It can be hard to figure out what paints work together when choosing wall colours for a home. Obviously, the walls should match with other elements, like flooring and furnishings, so you need an overall plan or colour palette. One approach is to refer to a colour wheel. You can use these in numerous ways, as explained below.
When decorating your home and picking wall paint, you could opt for a monochromatic colour scheme. For this, choose one hue from the colour wheel. You then use different shades of this hue around the room. For example, you might opt for variations of blue, combining a pale sky blue, a mid-toned azure, and navy. The wall covers a large area of the room, so choose a paint that you can live with, one that isn't too overpowering.
Analogous or Harmonious Colours
Another option is to choose colours that are next to each other on the colour wheel. For example, create a room palette by combining red, orange, and yellow. Remember that you can use muted versions of these colours rather than bright ones. For example, combine dark burgundy walls with a patterned rug that mixes terracotta, sand, and pink hues. Alternatively, look on the other side of the colour wheel and combine purples, blues and blue greens.
Complementary or Contrasting Hues
Complementary colours are found on the opposite sides of the colour wheel. These schemas combine a warm hue on one side with a cool colour on the other. For example, you could paint the walls in a muted yellow hue and combine them with blue furnishings or cabinetry. A popular complementary colour scheme is green and pink. You could harmonise deep eucalyptus green with pale rose pink, for example. Blending light and dark shades so that one hue becomes more dominant stops the effect from being overwhelming.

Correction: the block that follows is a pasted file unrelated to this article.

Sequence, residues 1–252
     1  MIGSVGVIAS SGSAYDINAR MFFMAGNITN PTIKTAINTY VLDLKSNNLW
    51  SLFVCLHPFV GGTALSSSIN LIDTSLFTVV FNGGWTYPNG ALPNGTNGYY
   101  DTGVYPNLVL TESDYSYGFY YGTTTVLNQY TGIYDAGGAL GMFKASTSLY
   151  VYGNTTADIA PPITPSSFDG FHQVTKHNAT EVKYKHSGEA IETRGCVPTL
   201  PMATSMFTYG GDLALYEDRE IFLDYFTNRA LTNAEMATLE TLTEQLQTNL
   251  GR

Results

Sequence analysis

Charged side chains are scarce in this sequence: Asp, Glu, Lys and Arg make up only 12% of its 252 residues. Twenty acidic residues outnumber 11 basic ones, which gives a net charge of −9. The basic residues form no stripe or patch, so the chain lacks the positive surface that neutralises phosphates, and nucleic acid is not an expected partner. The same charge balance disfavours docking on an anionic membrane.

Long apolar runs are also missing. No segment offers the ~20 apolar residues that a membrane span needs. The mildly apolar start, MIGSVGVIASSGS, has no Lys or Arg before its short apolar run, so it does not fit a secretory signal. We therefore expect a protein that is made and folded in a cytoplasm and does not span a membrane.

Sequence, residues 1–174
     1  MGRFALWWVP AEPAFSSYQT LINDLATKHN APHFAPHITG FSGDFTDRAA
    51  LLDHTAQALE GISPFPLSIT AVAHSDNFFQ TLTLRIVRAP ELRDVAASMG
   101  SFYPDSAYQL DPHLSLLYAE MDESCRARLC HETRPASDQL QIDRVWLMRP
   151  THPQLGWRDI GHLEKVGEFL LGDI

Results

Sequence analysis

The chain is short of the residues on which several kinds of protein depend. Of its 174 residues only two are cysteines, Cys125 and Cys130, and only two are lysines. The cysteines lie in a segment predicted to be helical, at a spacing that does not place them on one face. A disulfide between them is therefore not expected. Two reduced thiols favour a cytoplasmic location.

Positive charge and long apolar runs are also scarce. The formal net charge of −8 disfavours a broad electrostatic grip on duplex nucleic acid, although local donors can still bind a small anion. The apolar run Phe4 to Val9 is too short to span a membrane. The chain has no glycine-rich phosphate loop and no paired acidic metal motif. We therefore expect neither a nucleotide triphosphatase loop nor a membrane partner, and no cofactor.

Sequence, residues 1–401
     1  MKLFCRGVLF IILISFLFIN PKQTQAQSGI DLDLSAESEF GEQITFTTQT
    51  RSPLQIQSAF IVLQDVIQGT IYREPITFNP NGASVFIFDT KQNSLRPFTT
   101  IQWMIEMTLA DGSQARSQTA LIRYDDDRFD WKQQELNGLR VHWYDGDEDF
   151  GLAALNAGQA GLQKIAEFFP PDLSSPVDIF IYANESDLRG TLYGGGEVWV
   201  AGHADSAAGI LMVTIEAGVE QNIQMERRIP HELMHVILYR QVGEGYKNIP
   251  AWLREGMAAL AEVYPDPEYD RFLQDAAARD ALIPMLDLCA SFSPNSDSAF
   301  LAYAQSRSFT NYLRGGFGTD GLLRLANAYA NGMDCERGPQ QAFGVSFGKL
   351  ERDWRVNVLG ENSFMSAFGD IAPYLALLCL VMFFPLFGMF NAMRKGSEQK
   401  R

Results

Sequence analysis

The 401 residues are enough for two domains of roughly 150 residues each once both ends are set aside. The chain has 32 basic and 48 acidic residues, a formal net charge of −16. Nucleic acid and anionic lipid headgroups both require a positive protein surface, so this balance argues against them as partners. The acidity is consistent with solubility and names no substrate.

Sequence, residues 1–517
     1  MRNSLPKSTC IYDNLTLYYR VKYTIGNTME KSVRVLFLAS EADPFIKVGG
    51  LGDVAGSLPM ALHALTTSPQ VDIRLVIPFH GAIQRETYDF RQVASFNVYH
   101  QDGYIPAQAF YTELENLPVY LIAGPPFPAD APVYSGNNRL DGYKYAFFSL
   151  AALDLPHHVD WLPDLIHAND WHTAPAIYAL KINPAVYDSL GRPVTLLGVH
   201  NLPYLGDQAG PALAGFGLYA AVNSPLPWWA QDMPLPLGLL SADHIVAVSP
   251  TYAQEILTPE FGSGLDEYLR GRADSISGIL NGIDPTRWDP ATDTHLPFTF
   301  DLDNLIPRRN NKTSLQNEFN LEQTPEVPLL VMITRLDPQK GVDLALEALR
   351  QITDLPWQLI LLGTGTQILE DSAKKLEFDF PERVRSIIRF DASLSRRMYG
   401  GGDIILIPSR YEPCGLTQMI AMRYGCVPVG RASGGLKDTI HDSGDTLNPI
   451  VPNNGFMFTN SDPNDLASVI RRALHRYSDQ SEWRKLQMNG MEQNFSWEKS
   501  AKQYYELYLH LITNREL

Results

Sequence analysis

In general, when picking wall colours, you may prefer muted and pale shades rather than vibrant ones. For example, rather than orange, you could choose a tan, which is orange muted with grey. Or you could opt for a watermelon shade. Rather than a clear blue, you might prefer a subdued green-blue shade. Blue can be dark and moody or pale and light. If one of the colours in your chosen room palette is red, you might opt for a soft lilac pink rather than something more dominant and louder. Ask interior painters for their ideas.
My favourite colour is blue. I have just moved into a new house and it's so bland and beige at the moment. I need to get busy and start painting the walls and hang some wall paper to introduce some of my different colour into the house in different ways. If you also love blue you'll know how flexible and interesting the colour can be in all of it's differents shades and tones. This blog has my inspiration on introducing blue in your walls and all around your home. There is no need to be blue about the lack of blue in your home!